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Apart from the extra copies of discards and removals, the deck has some cards that haven't seen much game in the format yet: Cyclone Summoner is a very peculiar choice that can go very right or very wrong, depending on the progress of the game, managing to hold or even turn the game on its own against aggressive decks while keeping a 7/7 body on the board, and this deck doesn't seem to have a hard time getting up to seven mana. Mind Flayer is the 2021 version of cards that have seen a lot of play on previous world championships winning lists, such as Sower of Temptation and Confiscation Coup. Finally, one card that has grown in format and, in my view, will be the highlight of the tournament is Malevolent Hermit as a creature that holds the main Standard threats today, while its other side allows you to cast your combo without being interrupted by opponent's interactions. This seems, to me, to be the deck with the greatest potential in the event, and all the players who chose to play it are well known for their good results and innovative lists, and if the deck was actually built by Gabriel Nassif, I would say that it is an almost certain passport to the last day.

Mono-Green Aggro

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Mono-Green Aggro has a very straightforward strategy: Hit and hit hard. And the archetype manages to execute this game plan very well because it mixes a very stable manabase with a devastating cost-effective creatures base, with Werewolf Pack Leader being a 3/3 creature for two mana, while Old-Growth Troll and Kazandu Mammoth will commonly be 4/4 and 5/5 respectively for three mana. The deck also has a powerful grindy package that goes through two of the main Staples in the format today: Esika's Chariot, which usually dominates the game if it stays on board, creates two 2/2 tokens when it comes into play and still interacts very well with the other cards in this package: Wrenn and Seven and Ranger Class.

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Wrenn and Seven is probably the most powerful card in Innistrad: Midnight Hunt, as it is a ramp, threat and wincondition on the same card for five mana, but commonly its main ability will be to create a huge Treefolk token, who will then crew Esika's Chariot, which will copy the token and this combination usually wins the game. Finally, we have Ranger Class, which creates a token when it comes into play, pumps up your creatures, and serves as a card advantage engine in Late-Game, where you can abuse its ability to play multiple threats over and over again, making it difficult for your opponents to keep 1-for-1 trades. Speaking of 1-for-1 trades, this deck has a natural advantage against the Izzets decks because of the difficulty the archetype offers in making the opponent maintain their favorable trades: Cards like Old-Growth Troll replace themselves if they die, while Esika's Chariot will commonly force a 3-for-1, and cards like Faceless Haven and Primal Adversary give plenty of late-game reach and force the opponent to respect and consider well every exchange they make. Paulo Vitor and Sam Pardee are using essentially the same list for the event, while Seth Manfield's list has some differences, and I believe some can be mentioned here:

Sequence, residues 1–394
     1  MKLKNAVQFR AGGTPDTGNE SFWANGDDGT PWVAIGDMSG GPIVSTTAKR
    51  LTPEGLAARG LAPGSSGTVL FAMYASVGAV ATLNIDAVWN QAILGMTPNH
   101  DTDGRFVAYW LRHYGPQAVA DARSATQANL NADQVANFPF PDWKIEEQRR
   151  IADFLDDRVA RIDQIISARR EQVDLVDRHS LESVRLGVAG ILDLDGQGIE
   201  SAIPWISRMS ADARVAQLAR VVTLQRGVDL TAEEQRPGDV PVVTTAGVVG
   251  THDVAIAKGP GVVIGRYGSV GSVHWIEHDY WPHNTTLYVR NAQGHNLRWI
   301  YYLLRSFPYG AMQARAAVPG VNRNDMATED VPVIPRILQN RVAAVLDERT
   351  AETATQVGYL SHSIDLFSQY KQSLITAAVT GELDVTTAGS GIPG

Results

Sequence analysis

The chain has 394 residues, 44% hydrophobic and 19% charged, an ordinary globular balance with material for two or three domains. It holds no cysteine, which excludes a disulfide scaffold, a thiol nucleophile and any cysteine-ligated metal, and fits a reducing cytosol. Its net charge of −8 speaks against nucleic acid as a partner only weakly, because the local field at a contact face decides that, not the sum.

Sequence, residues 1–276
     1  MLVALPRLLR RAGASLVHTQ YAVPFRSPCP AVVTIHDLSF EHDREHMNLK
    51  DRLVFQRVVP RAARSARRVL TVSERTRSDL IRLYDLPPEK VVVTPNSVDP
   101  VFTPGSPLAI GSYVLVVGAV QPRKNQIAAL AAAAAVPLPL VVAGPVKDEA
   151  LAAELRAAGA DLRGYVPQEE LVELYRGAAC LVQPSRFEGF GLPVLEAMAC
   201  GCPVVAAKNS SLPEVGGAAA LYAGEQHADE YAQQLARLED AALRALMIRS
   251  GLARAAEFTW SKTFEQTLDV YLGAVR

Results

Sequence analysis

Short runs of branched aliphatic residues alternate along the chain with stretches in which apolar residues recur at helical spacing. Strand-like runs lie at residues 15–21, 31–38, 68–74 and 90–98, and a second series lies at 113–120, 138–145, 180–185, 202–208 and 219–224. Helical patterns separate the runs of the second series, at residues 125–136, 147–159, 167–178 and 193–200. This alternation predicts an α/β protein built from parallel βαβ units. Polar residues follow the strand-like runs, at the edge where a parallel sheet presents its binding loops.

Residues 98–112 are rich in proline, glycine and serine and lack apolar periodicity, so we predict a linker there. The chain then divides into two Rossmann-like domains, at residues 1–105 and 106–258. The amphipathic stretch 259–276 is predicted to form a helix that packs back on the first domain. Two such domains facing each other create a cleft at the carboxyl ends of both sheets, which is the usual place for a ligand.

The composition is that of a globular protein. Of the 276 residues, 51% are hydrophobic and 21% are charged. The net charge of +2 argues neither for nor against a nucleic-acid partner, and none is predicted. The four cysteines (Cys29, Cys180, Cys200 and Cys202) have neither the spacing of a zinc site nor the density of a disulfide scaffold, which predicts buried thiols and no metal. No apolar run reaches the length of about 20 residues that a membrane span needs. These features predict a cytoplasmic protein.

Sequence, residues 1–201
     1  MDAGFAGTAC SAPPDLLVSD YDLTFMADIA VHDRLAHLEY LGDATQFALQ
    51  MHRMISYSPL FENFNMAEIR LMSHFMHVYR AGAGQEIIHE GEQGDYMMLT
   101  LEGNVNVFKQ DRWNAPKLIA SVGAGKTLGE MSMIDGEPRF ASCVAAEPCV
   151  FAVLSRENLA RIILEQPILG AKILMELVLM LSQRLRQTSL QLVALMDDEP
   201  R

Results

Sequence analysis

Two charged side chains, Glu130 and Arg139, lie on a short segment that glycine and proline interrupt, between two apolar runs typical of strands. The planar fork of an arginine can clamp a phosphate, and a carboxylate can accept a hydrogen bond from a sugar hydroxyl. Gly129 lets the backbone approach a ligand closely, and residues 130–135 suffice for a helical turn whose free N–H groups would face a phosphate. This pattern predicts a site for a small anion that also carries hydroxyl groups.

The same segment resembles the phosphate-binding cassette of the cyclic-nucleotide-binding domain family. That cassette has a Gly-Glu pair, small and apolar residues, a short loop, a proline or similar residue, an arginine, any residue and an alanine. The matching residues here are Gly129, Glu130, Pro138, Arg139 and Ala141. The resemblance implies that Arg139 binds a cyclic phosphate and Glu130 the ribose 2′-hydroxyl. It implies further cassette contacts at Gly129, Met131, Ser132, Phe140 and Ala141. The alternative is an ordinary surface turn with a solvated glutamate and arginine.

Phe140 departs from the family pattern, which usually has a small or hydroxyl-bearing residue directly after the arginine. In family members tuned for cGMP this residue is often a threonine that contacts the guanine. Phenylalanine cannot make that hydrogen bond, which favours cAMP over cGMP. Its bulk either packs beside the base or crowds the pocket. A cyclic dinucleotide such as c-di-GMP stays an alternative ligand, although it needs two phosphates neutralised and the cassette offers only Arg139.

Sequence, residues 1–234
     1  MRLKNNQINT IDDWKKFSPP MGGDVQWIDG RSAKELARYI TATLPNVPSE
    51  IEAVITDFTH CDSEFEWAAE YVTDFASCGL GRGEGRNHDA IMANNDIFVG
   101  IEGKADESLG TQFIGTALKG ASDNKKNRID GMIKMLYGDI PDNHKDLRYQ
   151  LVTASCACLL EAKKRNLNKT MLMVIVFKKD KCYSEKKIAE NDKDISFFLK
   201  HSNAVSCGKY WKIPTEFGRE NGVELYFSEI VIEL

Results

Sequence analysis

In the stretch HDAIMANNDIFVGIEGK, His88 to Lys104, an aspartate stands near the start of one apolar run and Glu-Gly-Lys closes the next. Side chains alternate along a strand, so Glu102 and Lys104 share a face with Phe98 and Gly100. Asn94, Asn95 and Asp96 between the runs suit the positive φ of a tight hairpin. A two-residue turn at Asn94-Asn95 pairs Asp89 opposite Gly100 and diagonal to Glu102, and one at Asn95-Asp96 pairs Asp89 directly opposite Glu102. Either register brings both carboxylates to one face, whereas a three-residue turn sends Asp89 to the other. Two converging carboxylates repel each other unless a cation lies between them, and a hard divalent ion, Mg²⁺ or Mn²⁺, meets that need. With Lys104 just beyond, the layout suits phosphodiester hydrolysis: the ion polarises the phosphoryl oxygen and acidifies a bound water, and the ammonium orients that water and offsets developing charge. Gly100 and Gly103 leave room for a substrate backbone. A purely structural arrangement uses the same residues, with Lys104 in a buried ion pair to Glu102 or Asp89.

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The main difference between the lists is the mana dork choice, where PV and Sam Pardee opt for Sculptor of Winter while Seth opts for Lotus Cobra. Both have advantages and disadvantages, and I believe the crux between them is the consistency with which you can ramp and, if possible, perform the Esika's Chariot on turn 3 and Wrenn and Seven on turn 4 streaks, or even keep resource parity on the draw during a mirror match, if your opponent doesn't play a mana dork while you do. As for consistency, Sculptor of Winter is a better option, as it doesn't depend on using another card to ramp, while Lotus Cobra, despite being a better attacking creature and this is relevant in matchups against Control decks, rely on an extra resource in your hand to ramp that sometimes fails and this failure can cost you the game. Another interesting choice is Unnatural Growth as a one-of on the maindeck of Seth Manfield's list, while the others opt for a copy of Snakeskin Veil, and that also depends a lot on the match you expect to face: Unnatural Growth is particularly good on the mirror or against creature decks while also setting a clock that isn't bad against Fading Hope, as is the case with the Wrenn and Seven tokens, while Snakeskin Veil is better at handling opponent's removals and offers favorable exchanges as a combat trick between players. The inclusion of Unnatural Growth makes the archetype's mana more greedy, which may justify the two copies of Lair of the Hydra on Seth Manfield's list. There are also interesting options on the three players' sideboards, like Devouring Tendrils and Choose Your Weapon, or Ashaya, Soul of the Wild on Seth's list, but the most interesting part is for sure the inclusion of Tajuru Blightblade, that expendable draft card that is now on the sideboard of three of the World Championship decks because it's good at serving as a “removal” in creature matchups.